He did not say or do things to be politically correct or to end up on good terms with anyone. He spoke his mind openly and did not care what others thought of it or the consequences that it could bring. For example, when asked to say that he regrets killing the Arab, Meursault responds by saying that he feels more annoyance than regret. In the end, however, Meursault ends up paying the ultimate price for not playing the game of doing what is socially expected of
What distinguishes intent from recklessness in this case is that the desire to scare was intended by the setting of the fire, and the foresight of death played no part in her decision to act. Although there has been a lot of debate on this point, the House of Lords recently accepted a distinction between intention and mere foresight (think this is from text book so try find reference). In Hancock (Hancock and Shankland  AC 455) Lord Scarman spoke “foresight does not necessarily imply the existence of intention” ( 1 AC 455,
However, Whinney refuses to give FlightyFoote away to Gabe when Hooftastic died. What Whinney did is an example of true impossibility. True impossibility means that something has happened making it literally impossible to do what the promisor said he would. True impossibility is generally limited to these three causes: (1) destruction of the subject matter, (2) the death of the promisor in a personal service contract and (3) illegality. The first one, the example of the destruction of the subject matter can be evaluated by observing on what has happened to the Hooftastic, Hooftastic was the subject matter in the contract; however, due to some reasons, he died.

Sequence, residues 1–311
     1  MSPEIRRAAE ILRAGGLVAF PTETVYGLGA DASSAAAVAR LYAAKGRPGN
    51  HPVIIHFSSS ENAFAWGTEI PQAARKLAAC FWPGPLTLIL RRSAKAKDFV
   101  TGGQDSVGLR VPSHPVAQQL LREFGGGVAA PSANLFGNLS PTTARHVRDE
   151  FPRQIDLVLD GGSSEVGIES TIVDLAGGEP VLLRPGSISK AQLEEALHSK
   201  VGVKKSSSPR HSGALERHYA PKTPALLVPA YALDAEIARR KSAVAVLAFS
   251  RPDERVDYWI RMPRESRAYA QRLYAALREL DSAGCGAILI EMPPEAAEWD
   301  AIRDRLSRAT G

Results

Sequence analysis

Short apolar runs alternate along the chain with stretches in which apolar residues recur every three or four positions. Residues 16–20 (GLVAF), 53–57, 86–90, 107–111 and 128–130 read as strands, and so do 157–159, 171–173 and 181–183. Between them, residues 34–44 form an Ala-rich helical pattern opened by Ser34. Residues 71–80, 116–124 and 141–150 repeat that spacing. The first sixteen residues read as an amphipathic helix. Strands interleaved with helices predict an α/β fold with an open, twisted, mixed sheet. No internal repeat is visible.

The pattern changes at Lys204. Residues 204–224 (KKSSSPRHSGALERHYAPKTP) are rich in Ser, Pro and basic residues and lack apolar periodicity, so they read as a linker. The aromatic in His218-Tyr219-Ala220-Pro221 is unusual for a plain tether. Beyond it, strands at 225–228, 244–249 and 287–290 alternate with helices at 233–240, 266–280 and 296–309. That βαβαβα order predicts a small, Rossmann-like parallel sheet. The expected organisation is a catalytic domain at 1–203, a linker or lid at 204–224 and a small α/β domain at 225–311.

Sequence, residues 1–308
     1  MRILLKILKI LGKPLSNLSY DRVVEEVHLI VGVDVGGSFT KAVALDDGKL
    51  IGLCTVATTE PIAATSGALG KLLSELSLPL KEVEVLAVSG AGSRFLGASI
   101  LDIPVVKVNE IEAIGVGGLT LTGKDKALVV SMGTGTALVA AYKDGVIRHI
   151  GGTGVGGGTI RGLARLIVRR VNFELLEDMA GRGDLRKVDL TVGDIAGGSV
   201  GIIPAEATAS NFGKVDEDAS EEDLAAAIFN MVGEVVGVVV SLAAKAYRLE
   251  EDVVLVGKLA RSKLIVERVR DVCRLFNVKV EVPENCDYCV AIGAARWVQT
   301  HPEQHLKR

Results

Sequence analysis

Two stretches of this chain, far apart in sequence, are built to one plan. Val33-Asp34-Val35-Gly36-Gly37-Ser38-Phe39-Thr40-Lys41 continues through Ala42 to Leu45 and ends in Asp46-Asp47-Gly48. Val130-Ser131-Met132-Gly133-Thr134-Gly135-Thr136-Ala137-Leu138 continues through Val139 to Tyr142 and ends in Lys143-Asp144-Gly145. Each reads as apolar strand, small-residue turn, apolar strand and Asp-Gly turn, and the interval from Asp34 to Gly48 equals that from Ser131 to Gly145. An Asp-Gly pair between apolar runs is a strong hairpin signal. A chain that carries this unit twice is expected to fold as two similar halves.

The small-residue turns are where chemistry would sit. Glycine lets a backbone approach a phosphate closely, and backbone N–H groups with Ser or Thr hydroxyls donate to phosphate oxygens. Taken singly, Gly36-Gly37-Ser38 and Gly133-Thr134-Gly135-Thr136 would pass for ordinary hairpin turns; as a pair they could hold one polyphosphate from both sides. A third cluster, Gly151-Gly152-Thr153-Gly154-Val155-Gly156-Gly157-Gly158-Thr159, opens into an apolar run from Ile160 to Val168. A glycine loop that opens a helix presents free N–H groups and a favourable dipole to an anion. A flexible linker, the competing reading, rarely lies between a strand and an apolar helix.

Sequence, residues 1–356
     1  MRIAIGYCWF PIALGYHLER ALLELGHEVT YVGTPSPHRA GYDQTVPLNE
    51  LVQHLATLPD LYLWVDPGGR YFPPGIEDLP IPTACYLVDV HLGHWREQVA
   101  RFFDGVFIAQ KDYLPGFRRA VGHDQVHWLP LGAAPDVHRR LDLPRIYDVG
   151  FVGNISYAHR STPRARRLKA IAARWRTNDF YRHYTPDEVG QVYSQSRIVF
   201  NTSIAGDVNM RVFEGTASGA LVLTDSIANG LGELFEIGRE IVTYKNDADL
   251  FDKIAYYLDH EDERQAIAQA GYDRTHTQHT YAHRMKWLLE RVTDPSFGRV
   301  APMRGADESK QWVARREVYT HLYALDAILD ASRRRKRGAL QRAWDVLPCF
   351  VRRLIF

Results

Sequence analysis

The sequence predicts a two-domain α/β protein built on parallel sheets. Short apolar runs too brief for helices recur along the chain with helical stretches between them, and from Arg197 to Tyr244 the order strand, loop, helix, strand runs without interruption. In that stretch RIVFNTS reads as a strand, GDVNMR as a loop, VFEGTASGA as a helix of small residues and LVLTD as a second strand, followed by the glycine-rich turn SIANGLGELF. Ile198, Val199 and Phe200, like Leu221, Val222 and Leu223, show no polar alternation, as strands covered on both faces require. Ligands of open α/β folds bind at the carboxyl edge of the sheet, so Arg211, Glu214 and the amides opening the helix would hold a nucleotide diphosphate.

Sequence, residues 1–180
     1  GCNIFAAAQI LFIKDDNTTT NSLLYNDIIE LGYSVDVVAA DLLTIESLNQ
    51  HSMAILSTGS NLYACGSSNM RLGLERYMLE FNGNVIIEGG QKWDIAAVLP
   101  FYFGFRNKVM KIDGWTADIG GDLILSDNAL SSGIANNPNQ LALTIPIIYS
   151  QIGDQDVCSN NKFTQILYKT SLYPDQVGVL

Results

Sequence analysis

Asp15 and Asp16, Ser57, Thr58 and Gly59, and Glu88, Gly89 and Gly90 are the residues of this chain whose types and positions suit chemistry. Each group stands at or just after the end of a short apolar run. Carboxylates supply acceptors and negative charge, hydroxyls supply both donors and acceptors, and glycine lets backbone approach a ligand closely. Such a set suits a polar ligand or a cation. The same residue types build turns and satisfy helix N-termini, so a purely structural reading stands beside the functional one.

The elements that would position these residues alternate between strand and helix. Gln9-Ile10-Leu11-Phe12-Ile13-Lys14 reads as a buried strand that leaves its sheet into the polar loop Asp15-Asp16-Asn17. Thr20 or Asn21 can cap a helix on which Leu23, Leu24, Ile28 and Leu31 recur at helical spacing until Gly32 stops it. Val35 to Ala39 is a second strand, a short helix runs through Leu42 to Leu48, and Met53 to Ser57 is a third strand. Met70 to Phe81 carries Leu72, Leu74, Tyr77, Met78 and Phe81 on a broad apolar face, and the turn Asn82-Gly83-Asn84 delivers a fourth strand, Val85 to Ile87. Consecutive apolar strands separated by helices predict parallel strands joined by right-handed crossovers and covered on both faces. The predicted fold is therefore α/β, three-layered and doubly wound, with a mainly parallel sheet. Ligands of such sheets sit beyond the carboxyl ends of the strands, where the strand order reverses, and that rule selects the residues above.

Duncan, Banquo, Macbeth, and Lady Macbeth are key exhibits of what not to do when face to face with evil. On one hand, the Macbeths invite supernatural powers into their lives; whereas, characters like Duncan and Banquo do not seek out evil, yet they do not do anything to prevent it. Regardless of the justification, they all allow their lives to rot with evil. In the end, they all receive the gift of being set free, for it is “Better to be dead, to be nothing, than to base one’s joy upon destruction” (Frame, 48). They no longer have to struggle to find the happiness they formerly sacrificed for riches.
Moreover a dead person has no autonomy, so if torturing strips the victim’s freedom, there is little difference between being tortured and death. However, it does not imply that torture is less preferable to killing. Also, it does not imply that the act of torture is morally worse than killing because torture may be short termed and that the victim’s will may be still intact but there is certainly no life for the victim if he is